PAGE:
Physical Interpretation of the Partition Function for Colloidal Clusters

October 1, 2018

Fig.5. 24 of the 720 colorings, or label permutations, of the octahedron. All of these colorings are equivalent through rotations.*

Colloidal clusters consist of small numbers of colloidal particles bound by weak short-range attractions. The equilibrium probability of observing a cluster in a particular geometry is well described by a statistical mechanical model originally developed for molecules. To explain why this model fits experimental data so well, grad student Ellen Klein, Prof. Manoharan, and a colleague from SEAS derive the partition function classically, with no quantum-mechanical considerations, in a Physical Review E article. By comparing and contrasting the derivation in particle coordinates with that in center-of-mass coordinates, they physically interpret the terms in the center-of-mass formulation, which is equivalent to the high-temperature partition function for molecules. Finally, they discuss, from a purely classical perspective, how and why cluster characteristics such as the symmetry number, moments of inertia, and vibrational frequencies affect the equilibrium probabilities.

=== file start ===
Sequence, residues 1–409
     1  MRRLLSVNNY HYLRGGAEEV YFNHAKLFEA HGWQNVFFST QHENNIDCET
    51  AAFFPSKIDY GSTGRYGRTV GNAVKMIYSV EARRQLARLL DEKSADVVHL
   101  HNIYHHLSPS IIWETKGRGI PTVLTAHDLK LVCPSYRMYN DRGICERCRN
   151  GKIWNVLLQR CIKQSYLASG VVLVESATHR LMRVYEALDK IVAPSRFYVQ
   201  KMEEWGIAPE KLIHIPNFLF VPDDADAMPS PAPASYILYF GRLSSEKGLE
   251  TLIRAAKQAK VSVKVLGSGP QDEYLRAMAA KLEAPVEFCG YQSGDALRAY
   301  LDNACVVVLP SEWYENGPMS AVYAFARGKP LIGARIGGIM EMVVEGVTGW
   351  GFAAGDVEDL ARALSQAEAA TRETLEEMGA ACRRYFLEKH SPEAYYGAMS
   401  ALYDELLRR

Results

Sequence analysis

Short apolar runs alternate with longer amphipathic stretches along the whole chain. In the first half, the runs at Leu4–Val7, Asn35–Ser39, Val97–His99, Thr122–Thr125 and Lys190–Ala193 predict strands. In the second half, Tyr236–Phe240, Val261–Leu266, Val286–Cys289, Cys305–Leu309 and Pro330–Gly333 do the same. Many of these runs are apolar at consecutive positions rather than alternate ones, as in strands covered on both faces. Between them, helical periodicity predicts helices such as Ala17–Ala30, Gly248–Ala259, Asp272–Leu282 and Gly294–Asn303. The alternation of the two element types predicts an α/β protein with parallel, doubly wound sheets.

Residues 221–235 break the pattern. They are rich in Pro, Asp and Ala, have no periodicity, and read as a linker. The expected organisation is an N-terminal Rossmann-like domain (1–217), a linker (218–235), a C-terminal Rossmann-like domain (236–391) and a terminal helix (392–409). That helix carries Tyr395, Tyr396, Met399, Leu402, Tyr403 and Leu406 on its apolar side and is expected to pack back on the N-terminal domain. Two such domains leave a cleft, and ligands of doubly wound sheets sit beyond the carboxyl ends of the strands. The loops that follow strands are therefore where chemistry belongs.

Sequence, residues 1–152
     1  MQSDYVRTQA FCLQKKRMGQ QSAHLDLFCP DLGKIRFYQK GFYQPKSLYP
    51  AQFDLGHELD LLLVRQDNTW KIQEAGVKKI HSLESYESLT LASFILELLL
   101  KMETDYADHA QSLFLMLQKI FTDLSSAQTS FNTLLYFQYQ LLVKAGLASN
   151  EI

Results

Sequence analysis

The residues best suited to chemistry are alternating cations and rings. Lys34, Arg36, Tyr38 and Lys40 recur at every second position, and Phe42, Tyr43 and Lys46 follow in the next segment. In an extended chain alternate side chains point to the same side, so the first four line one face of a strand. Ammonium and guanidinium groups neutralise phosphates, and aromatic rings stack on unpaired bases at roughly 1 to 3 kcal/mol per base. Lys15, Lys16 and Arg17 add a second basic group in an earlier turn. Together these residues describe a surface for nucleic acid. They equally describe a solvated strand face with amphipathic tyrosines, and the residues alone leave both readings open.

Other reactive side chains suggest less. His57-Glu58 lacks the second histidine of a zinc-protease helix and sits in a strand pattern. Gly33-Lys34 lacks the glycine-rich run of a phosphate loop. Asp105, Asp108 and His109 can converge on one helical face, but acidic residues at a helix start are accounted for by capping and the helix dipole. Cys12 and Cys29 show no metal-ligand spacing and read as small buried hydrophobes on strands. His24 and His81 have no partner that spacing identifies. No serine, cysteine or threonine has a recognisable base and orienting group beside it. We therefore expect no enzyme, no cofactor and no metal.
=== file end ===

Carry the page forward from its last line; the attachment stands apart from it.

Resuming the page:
*E.D. Klein, R.W. Perry, and V.N. Manoharan, "Physical interpretation of the partition function for colloidal clusters," Phys. Rev. E 98 (2018) DOI: 10.1103/PhysRevE.98.032608.